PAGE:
Anne Moraa is a writer, editor, playwright, performer, soon-to-be novelist, feminist, and the newly proud COO of a storytelling agency called Oil Creatives. That morning in Nairobi, we sat on the garden of a local café. I’m amazed by the story of this energetic woman. There’s something about the short-hair and sharp gaze. She is wearing a Kenyan designer poncho.

We had first met at the Alchemist Bar on a Book Bunk African literature panel featuring influential women.

Wanjiru Koinange and Angela Wachuka (at the forefront), Book Bunk founders, make-up artist Sinitta Akello, fashion stylist Anyongo Mpinga, education consultant Nicola Milnes © Sylvia Houahu

Anne Moraa’s career so far has been a rollercoaster ride to literary stardom. After a year studying law at the University of Nottingham, she turned to creative writing. In a world where female voices were starting to matter more, Moraa saw an opening and began to envision her career as a tool to address African women.

Kwani as a launch pad

Her journey began with Kwani Trust where she started out as an editorial assistant. Little did she know that working at the Kenyan imprint—which is among the most influential in sub-Saharan Africa—would expose her so quickly to the kind of writing and writers she had long wanted to be around. “Kwani was created by Tom Maliti at a time when writers needed a literary space,” Moraa recalled.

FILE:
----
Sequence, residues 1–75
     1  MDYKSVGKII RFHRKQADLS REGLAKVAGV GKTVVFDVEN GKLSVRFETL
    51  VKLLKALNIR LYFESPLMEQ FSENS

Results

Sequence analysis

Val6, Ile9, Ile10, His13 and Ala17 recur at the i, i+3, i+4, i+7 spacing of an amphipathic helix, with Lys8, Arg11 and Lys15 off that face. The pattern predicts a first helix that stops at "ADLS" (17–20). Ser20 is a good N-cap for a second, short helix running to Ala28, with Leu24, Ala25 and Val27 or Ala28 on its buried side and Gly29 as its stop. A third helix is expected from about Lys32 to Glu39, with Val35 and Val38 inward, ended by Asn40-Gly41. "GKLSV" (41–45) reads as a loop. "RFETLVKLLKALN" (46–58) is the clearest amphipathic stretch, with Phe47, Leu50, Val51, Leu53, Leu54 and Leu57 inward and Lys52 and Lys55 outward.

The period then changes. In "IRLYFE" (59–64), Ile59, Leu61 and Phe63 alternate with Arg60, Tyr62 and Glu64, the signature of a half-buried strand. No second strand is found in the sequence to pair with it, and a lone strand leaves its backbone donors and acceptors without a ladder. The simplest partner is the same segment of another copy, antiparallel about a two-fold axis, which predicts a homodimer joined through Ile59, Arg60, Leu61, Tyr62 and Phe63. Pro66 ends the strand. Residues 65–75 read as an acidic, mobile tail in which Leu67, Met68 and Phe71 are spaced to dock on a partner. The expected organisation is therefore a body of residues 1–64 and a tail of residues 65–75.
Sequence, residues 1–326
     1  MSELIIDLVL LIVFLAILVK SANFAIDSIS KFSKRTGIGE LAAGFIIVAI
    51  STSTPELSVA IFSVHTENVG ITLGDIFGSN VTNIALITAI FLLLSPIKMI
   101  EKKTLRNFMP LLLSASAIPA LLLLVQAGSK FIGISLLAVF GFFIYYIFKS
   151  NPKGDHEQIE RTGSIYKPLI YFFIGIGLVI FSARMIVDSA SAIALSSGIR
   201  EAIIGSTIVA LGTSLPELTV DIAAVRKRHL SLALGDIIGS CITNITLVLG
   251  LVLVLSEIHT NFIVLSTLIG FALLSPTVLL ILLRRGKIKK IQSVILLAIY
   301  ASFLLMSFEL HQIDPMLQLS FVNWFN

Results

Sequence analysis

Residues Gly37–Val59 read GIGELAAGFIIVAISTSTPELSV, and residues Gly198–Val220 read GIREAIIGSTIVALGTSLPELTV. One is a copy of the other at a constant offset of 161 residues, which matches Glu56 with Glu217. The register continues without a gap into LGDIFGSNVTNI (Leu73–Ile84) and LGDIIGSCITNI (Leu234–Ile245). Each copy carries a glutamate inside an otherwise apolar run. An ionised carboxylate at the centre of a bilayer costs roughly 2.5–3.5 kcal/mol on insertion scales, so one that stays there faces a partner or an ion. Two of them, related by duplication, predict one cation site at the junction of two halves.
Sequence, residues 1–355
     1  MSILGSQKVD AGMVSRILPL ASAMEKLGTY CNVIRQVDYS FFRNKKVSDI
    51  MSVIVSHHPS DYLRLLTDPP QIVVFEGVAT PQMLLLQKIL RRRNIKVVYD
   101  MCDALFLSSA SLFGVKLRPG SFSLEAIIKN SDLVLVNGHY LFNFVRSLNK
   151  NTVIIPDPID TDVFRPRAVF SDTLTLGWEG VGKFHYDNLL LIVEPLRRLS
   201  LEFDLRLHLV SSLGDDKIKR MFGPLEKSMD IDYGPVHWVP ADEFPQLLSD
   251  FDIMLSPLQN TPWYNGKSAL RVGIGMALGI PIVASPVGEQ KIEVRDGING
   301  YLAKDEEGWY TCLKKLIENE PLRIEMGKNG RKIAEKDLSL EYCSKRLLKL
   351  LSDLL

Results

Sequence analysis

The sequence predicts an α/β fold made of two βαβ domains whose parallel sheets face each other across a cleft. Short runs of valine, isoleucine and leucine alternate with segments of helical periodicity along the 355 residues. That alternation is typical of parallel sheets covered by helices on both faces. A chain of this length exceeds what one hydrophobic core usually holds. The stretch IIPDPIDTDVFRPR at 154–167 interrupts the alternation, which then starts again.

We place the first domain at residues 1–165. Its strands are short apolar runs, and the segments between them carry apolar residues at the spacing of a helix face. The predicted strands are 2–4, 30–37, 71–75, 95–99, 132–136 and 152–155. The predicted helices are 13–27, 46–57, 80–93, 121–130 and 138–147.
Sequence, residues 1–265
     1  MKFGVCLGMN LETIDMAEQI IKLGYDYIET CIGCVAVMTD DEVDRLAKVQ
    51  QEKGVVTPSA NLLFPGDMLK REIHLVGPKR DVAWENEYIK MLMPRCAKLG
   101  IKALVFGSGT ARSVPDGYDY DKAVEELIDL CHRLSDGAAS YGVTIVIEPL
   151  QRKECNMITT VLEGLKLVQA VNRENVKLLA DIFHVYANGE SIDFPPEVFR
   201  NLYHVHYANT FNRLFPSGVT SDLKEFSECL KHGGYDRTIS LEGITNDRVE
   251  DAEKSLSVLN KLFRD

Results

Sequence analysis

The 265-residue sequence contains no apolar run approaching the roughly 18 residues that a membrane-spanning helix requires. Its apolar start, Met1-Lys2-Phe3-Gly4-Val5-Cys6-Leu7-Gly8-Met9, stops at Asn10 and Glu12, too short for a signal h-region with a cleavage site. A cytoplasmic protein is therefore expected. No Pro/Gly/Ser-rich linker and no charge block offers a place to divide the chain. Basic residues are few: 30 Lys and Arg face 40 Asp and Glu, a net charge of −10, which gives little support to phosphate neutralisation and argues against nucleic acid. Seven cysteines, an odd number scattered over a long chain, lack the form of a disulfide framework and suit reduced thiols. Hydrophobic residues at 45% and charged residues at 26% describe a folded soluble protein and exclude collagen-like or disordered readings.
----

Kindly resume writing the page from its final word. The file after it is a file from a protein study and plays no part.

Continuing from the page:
Yvonne Adhiombo Owuor’s critically acclaimed novel Dust was published by Kwani in 2013, as was Kintu, which Moraa helped edit. Kwani’s Commonwealth Short Story Prize-winning novel by Jennifer Nansubuga Makumbi was hailed by The Guardian as “the great Ugandan novel”, leading the author to state that “it proves Uganda is not a literary desert.”

Jennifer Nansubuga Makumbi, won the Windham-Campbell Prize © Martin Harris Centre.

“We just wanted to put-out stuff and write cool shit”

Kwani Trust inspired Jalada, a pan-African collective which was founded by a group of writers who had met during a creative workshop in Nairobi. Moraa joined Jalada and never looked back. “We wanted a space where we could write without wondering what it means, put-out stuff, and write cool shit.” Jalada works with contributors from all over Africa and the African diaspora. Founded by Zimbabwe-born Ellah Wakatama Allfrey, with writers Nadifa Mohamed and Adam Foulds, Jalada has become a beacon of light on the African literary scene. Allfrey said that the ambition came from “a desire to form an eclectic and supportive community of artists.”